FUTURE ISLANDSHow would you say On The Water is different from your past records?
William: A majority of On the Water was written in the studio, which is probably the biggest difference from our other albums.
In 2010, you released an acoustic EP. What brought that about? Would you consider another acoustic EP, in the future, or a full acoustic album?
William: We had been talking about arranging and performing an acoustic show for a while, and in the summer of 2010, Elena Johnston and Natasha Tylea invited us to do an acoustic performance at the opening of the "Wild Nothing" photography show that they curated. We got some friends together and figured out the acoustic versions. Some of us are bigger fans of the acoustic versions than others. I'd love to release an acoustic 7" of new material, but only time will tell if that will happen.
Gerrit recently got a PS3. Do you think this will have a positive or negative effect on his social life?
Sam: I don't know about Gerrit, but it's definitely had a negative effect on my life.
Are there any new bands you would like to recommend to others?
William: Ed Schrader's Music Beat, Bamboo, Chester Endersby Gwazda.
What are your favorite songs to play live?
William: "Long Flight," "Pinnochio," "Give Us the Wind."
Sam: "On The Water."
What is your favorite other Island named band?
Sam: There was a really great collective called Galapagos4 in the early 2000's that were pretty cool hip-hop crew. I dig their output.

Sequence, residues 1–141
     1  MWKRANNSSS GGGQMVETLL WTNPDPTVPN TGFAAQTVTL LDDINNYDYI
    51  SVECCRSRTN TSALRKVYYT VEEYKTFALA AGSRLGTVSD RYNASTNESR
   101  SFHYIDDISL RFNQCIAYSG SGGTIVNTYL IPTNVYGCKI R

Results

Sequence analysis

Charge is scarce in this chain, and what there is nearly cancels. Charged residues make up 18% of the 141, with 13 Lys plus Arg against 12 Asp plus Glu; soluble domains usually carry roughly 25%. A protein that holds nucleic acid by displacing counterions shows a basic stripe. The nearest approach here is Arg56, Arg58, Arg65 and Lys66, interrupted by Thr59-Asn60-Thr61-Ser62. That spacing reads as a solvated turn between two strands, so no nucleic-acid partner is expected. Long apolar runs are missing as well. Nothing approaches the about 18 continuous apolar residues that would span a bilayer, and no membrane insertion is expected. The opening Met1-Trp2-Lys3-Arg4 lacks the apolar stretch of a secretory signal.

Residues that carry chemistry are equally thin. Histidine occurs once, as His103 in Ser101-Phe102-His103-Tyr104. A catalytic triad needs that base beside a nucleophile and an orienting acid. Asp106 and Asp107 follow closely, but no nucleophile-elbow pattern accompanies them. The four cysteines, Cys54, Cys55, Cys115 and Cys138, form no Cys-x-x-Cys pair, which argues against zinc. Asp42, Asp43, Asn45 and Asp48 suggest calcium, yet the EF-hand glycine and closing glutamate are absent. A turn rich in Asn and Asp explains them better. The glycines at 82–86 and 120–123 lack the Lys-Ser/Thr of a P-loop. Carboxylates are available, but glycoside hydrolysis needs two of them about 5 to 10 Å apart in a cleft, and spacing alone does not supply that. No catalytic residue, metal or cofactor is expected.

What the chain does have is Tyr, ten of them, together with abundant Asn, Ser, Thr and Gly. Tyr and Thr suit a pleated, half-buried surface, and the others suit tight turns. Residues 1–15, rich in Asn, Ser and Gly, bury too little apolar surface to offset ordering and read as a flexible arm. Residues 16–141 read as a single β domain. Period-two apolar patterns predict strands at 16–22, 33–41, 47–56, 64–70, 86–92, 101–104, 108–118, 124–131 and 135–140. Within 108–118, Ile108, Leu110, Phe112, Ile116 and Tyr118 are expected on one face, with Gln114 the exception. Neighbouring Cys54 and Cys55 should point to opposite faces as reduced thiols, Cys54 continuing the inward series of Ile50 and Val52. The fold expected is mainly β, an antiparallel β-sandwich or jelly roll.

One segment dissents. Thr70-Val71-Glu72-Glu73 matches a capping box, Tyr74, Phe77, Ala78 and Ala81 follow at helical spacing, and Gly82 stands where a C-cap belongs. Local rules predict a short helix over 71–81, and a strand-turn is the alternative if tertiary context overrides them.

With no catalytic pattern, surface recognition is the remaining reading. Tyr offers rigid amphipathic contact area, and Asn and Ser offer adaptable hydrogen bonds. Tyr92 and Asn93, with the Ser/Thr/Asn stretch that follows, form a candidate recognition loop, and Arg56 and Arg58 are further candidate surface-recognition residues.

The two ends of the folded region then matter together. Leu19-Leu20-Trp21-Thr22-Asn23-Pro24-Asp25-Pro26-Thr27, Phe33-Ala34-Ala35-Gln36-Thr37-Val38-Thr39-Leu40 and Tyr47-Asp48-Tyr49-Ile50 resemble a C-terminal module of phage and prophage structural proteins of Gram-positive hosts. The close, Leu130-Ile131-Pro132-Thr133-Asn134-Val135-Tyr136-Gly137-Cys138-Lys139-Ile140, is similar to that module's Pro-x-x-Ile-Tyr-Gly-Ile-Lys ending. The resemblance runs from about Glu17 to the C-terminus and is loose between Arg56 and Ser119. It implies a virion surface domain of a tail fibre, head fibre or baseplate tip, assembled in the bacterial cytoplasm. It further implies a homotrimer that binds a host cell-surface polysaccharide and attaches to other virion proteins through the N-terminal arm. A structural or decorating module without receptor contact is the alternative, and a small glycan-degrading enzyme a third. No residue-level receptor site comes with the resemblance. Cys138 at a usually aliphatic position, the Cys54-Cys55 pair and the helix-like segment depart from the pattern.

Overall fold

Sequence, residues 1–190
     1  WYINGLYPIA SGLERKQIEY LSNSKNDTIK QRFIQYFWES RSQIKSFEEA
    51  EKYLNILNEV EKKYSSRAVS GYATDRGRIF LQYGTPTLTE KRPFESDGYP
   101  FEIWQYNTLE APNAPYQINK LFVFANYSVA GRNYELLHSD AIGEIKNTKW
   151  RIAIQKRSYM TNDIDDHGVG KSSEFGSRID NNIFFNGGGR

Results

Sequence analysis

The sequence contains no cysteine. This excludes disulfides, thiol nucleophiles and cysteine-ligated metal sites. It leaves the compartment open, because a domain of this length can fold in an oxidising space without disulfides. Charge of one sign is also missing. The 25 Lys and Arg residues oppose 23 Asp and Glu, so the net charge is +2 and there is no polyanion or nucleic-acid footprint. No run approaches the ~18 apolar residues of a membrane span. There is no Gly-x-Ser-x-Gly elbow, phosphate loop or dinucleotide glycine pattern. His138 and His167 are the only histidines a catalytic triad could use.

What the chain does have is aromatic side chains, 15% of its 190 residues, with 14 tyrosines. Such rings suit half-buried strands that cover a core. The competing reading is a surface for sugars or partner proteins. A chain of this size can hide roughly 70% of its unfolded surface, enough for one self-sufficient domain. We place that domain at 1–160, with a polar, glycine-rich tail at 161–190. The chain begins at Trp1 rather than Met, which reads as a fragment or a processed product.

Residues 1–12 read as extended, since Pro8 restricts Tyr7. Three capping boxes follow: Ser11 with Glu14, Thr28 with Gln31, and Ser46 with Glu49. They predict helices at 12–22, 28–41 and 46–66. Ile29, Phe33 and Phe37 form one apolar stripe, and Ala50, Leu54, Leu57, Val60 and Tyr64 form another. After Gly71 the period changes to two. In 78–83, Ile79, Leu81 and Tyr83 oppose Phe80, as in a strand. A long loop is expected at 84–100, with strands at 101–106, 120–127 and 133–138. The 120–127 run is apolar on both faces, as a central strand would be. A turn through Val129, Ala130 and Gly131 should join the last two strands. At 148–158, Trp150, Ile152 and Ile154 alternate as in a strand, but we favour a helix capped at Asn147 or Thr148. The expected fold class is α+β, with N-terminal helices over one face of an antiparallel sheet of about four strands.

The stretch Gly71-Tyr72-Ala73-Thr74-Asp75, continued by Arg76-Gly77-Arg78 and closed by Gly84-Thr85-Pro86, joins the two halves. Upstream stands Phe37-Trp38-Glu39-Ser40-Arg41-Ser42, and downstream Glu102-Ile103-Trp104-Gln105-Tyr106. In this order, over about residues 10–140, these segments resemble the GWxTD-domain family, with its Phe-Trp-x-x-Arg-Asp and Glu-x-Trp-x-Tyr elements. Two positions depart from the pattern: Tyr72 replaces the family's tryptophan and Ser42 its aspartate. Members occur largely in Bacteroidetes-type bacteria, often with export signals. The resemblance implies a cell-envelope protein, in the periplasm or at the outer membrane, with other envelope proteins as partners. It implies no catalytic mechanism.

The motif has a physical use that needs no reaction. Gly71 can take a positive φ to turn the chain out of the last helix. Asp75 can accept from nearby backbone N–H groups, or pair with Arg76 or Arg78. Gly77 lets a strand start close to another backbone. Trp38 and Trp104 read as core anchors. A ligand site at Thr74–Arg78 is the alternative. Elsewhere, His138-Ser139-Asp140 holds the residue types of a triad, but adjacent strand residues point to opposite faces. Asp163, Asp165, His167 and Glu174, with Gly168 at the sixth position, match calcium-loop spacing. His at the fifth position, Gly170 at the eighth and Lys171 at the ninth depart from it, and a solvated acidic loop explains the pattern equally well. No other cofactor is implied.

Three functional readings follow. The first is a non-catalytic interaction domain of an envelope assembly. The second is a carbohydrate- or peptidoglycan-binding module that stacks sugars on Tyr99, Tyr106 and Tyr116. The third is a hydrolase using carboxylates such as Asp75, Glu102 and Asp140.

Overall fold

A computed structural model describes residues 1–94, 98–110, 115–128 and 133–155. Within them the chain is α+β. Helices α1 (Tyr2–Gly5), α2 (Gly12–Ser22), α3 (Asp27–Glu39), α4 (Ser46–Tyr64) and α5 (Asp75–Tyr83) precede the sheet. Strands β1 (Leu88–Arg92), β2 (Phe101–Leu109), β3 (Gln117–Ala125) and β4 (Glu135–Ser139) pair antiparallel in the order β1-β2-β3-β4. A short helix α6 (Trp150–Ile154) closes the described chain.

Have you guys written a new song since the release of On The Water? If so, how do they differ from the songs on the album?
William: We've written a few songs since On the Water. Maybe they're moodier or more soulful, like classic soul.
What have been your favorite albums of 2012?
William: Ed Schrader's Music Beat Jazz Mind
If there was any instrument or musician in the world you could have a duet with or a feature on a Future Islands song who would it be and why?
William: It'd be cool to collaborate with the Mael brothers from Sparks. I like their style.
Sam: Love to cross styles with Joanna Newsom. Don't know how it would work but we could make it. Also amazing to do something with Tom Waits.
What was the first song each of you wrote like? How old were you?
William: I used to record layers and layers of guitar on my 4-track back in high school. It was kinda dreamy sounding instrumental stuff.
Sam: The first song I ever wrote was never recorded, but it was a rap about destinies and dreams. I'm still milkin' that cow.
Your newest album cover was created by the amazing Elena Johnston. How was working with her on this cover? Do you think you'll work with her for covers in the future?
William: It was great working with her. The piece wasn't made specifically for the album. We chose it from a series of paintings and drawings. She handled most of the typography on the album as well.
Sam: Elena's work speaks for itself. She had a few pieces, at the time, we really loved. We just had to make the decision on which one to use. We'll definitely work with her in the future. As projects pop up, we decide what artistic styles best speak to the music and the medium, then decide on artists. We primarily choose friends' work, though, people who we've become intimate with as friends. I think that pulls something deeper out of the whole, working with loved ones. You give birth to something bigger than yourself when you involve other people's ideas and minds. That's always a good thing.
You guys release a lot of your music on vinyl. What about vinyl keeps you guys interested in it?
William: Vinyl is classic and the art is bigger.
Sam: I love records. Vinyl is my way. It's always been the thing we were seeking though. I remember when we got our first 7" pressed, having that feeling that we had finally made a mark. It is the history of music and it feels good to continue that tradition.